Pastor S. G. Adegboyega & 2 Ors V. Peter Otasowie Igbinosun & Ors (1969) LLJR-SC

Pastor S. G. Adegboyega & 2 Ors V. Peter Otasowie Igbinosun & Ors (1969)

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In Suit LD/532/66 Sowemimo J. on the 29th of May, 1967 in the Lagos High Court gave judgment in the following terms:-

“In respect of the claim therefore there will be judgment for the plaintiffs for the amount of £600 for the rent due on 1st June, 1966 and on the counter-claim, there will be judgment for the defendant for the sum of £5,700. The plaintiffs are therefore ordered to pay the defendant the balance of £5,100 with costs assessed at 75 guineas costs in favour of the defendant.”

The plaintiffs’ claim had been:-

“for the sum of £2,500 (two thousand five hundred pounds) being the amount payable by the defendant to the plaintiffs as rent in advance for the period 1st June, 1966 to 31st May, 1967 in respect of the property known as 194, Broad Street, Lagos demised by the plaintiffs to the defendant under a sub-lease dated the 5th July, 1963 and registered in the Lagos Land Registry under Title No. LO 5208 for a period of five (5) years commencing the 1st June, 1963 at the rent of £2,500 per annum payable in advance.”and paragraph 6 of their statement of claim read:-

“6. Under and by virtue of a deed of sub-lease dated 5th July, 1963 and registered under Title LO 5208 the plaintiffs demised to the defendant all that piece or parcel of land together with the buildings thereon situate at and known as 194, Broad Street, Lagos from 1st June, 1963 for a term of (5) years at the rent of £2,500 (two thousand five hundred pounds) per annum payable yearly in advance.” The defendant for his part pleaded in paragraph 6 of his statement of defence as follows:-

“6. Paragraph of this statement of claim is admitted but the defendant will rely on section 10 of the Rent Restriction Act, cap. 183 and says that the rent was unlawfully increased without prescribed notice from £600 per annum to £2,500 per annum and that he resides on the same premises.”and counter-claimed for:- “(a) £5,700.0s.0d. being the difference between unlawfully increased rent received by the plaintiffs from the defendant and the lawful rent calculated under section 9 of the Rent Restriction Act, cap. 183 and paid to the plaintiffs by the defendant in 1963, 1964 and 1965 in respect of premises at 194, Broad Street, Lagos registered under Title No. LO 1704 and Title No. LO 5208 in the Registry of Titles, Lagos. (b) A declaration that the lawful rent recoverable by the landlords or landlord of 194 Broad Street, Lagos aforesaid in respect of the premises let to the defendant under a lease dated the 5th July, 1963 and registered under Title No. LO 5208 aforesaid does not exceed £600.0s.0d. per annum.” No evidence was called but 3 deeds were tendered by consent and it was agreed (it would appear though it was a most unsatisfactory procedure in this case where there were a number of facts in issue) to accept the pleadings as the basis of the matter and to determine on that basis the issues of law.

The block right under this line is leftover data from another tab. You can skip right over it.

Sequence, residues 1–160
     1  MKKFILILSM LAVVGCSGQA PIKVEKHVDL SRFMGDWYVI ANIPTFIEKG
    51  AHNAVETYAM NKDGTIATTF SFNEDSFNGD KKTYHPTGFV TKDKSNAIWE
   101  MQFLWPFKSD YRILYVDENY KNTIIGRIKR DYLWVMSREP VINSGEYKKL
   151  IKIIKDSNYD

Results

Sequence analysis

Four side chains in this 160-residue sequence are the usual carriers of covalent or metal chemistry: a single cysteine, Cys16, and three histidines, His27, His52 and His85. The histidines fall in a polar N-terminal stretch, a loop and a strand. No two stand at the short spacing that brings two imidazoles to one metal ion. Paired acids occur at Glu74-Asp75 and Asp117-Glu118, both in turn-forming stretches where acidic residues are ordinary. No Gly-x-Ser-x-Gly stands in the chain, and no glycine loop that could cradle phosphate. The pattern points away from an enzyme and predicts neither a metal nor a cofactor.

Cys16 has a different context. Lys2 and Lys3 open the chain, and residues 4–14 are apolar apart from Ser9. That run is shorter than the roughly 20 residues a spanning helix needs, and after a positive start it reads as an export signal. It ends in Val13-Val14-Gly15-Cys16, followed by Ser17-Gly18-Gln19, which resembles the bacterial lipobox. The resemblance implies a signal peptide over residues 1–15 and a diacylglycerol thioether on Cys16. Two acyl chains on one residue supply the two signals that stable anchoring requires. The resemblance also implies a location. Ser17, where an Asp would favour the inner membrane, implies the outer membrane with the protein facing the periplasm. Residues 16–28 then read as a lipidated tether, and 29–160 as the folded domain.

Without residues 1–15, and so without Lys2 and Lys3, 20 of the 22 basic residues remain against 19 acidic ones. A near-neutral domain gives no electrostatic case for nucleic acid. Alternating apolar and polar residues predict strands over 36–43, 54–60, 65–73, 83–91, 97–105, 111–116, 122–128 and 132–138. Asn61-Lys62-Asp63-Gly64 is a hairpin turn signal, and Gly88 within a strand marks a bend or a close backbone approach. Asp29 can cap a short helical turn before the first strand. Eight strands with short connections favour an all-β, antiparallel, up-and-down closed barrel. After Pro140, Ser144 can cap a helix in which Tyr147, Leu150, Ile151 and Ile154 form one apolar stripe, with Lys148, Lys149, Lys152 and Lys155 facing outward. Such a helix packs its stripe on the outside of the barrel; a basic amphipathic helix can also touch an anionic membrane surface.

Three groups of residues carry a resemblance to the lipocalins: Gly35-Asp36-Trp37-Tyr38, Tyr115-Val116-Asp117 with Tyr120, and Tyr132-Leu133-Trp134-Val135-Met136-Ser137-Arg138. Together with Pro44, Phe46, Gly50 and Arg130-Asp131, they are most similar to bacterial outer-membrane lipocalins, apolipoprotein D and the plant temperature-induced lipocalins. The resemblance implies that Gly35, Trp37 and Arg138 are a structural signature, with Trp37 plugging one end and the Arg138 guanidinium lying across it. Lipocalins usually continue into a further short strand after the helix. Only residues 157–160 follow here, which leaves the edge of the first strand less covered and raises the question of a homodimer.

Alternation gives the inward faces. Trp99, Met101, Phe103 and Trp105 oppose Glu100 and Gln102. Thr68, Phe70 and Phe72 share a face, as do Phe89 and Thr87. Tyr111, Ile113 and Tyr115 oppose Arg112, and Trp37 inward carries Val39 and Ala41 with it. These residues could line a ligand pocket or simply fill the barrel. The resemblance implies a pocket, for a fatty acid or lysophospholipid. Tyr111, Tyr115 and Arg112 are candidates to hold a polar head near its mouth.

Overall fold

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The importance of this is that it was pleaded by the defence that the defendant resided on the premises and this had to be accepted as established together with the pleading by the plaintiffs in paragraph 5 of the amended reply that it was used as a night-club. It would appear therefore that the premises were being used for both purposes but in our view there was no evidence which was the predominant use though Chief Williams for the appellants submitted that the night-club was. Both parties agreed that in determining whether the premises came within the Rent Restriction Act, cap. 183 it was in fact necessary to have regard to section 1(4) of the Rent Control (Lagos) Amendment Act, 1965 (hereinafter referred to as “the Act”) in deciding the meaning to be given to “premises”, and that being so in our view section 1(3) of that Act would apply to make the nature of the property at the time the question arose the determining factor irrespective of how it was used earlier. The effect of that would be that though at the beginning of the tenancy in 1959 the premises were used solely as living accommodation, at the time the question arose they were used partly as living accommodation and partly as a night-club and it is the latter dual user that must determine the matter Now Section 1(4) of the Act reads as follows:-